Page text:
“I know,” she said in a soft voice. “But in the end,” Janet said brightly, “Hawaii isn’t the antagonist.”

True. But. I realized not only had I been protecting Peggy Sue, I’d been protecting Hawaii. In the end, both would have to stand up for themselves.

What advice would you give to a writer who is struggling to separate their reality from their fictional character? How can we protect ourselves emotionally if a character reminds us too much of ourselves?

You are not your character. But there may be parts of her that resonate with you.

So my answer may surprise you—don’t separate. This is where you will find the gold.

It’s way scary.

It took me years to get to the point where I could do this. Years.

What was the most useful lesson you learned while writing this book? If you could go back and talk to the you who is about to begin writing, how would you warn or arm her against the difficulties ahead?

My big takeaway? Go there emotionally.

Breathe. Trust the process. It’s going to take as long as it takes. It’s all about revision, going deeper. About finding the heart of the story. About discovering what your characters really want.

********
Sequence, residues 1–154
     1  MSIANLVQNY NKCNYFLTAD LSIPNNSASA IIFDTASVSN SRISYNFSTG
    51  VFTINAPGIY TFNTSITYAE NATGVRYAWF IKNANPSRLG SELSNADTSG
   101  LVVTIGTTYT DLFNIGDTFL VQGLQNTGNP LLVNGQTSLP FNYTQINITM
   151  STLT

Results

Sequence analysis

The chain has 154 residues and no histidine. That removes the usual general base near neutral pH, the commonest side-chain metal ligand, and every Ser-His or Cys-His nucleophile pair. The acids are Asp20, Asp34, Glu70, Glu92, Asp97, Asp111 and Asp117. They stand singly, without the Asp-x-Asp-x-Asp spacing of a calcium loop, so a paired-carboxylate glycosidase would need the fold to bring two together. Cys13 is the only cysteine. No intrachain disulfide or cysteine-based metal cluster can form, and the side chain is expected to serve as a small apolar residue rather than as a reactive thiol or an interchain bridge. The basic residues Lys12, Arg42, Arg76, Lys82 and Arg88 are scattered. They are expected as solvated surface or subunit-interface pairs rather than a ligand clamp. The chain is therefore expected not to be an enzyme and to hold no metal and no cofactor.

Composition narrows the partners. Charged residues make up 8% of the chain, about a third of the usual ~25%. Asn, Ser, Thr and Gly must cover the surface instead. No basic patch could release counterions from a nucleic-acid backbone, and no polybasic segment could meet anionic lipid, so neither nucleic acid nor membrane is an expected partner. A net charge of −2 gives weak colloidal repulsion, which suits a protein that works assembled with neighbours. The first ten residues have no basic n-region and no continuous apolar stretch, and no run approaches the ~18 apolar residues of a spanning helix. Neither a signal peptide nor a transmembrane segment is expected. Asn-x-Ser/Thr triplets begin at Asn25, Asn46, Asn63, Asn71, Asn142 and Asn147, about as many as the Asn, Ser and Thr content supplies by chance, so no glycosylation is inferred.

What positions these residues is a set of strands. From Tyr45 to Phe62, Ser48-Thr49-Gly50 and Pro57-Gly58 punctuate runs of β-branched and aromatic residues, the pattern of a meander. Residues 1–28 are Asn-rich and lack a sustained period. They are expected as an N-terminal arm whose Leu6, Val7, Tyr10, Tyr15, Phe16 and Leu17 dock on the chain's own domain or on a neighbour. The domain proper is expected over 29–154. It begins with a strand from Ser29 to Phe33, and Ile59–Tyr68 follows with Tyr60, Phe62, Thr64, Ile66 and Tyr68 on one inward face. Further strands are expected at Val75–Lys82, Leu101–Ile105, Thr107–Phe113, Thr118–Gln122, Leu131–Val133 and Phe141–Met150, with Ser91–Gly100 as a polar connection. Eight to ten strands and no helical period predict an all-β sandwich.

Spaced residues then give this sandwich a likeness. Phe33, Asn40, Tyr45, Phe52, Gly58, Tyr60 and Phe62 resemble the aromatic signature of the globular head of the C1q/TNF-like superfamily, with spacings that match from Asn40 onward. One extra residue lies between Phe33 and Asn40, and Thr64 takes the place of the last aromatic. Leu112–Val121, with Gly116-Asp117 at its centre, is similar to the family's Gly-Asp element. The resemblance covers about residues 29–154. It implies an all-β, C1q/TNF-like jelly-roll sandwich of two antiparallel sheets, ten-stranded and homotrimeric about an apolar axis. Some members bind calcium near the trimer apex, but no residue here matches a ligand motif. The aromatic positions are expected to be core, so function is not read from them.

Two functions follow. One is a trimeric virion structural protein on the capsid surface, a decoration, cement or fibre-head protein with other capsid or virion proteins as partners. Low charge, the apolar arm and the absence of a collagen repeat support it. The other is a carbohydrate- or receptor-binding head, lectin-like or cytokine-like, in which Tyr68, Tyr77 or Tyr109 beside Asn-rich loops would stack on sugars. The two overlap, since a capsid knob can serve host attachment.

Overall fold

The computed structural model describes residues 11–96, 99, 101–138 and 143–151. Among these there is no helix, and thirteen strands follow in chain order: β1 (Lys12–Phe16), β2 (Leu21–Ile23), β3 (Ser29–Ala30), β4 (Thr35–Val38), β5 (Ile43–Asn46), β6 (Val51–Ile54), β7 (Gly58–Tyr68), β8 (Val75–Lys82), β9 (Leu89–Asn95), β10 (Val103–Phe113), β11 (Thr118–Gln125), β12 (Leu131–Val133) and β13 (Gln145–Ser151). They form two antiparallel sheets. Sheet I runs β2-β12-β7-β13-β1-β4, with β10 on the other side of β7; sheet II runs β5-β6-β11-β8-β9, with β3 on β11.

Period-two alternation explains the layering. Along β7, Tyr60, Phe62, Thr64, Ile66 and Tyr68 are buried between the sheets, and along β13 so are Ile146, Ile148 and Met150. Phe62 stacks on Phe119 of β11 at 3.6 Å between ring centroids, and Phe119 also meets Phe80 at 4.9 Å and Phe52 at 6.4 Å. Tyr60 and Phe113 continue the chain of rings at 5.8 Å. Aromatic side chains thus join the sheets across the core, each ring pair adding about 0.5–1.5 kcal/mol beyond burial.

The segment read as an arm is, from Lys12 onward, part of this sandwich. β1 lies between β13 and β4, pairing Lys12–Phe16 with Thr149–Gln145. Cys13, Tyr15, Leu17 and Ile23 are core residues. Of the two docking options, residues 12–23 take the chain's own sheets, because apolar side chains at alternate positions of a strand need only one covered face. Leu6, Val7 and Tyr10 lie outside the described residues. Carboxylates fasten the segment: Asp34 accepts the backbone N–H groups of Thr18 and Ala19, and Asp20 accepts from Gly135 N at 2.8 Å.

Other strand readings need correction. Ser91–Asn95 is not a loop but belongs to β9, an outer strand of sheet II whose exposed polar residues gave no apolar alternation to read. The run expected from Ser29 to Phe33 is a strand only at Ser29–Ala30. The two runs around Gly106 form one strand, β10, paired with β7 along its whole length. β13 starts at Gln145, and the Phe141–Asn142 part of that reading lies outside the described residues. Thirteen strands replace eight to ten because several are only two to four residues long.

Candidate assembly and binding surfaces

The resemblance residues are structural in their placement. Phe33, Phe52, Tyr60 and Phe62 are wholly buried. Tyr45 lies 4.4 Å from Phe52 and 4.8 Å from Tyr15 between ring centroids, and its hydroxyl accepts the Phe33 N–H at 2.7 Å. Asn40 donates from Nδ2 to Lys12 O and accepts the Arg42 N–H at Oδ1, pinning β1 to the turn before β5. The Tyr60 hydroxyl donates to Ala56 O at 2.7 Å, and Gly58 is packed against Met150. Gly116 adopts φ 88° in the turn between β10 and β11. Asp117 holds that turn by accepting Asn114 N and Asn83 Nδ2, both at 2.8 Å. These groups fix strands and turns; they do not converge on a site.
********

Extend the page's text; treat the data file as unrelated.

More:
Tim Wynne-Jones says, “The answers are in your writing.” He posits that we give ourselves clues to unlocking the mysteries of our own work. It’s our job to look carefully, to look differently, until we discover them.

Amen to that, Anne. Thank you for your wonderfully insightful answers!

To celebrate the release of Anywhere But Paradise, we are giving away a signed copy to a lucky winner! Enter the draw through the Rafflecopter below for a chance to win this beautifully written book!

a Rafflecopter giveaway

Anne Bustard is a beach girl at heart. If she could, she would walk in the sand every day, wear flip-flops, and eat nothing but fresh pineapple, macadamia nuts and chocolate. She is the author of the award-winning picture book Buddy: The Story of Buddy Holly (Paula Wiseman Books/Simon & Schuster Books for Young Readers). Her debut middle grade historical novel Anywhere But Paradise (Egmont Publishing) is out on March 31, 2015. She lives in Austin, Texas.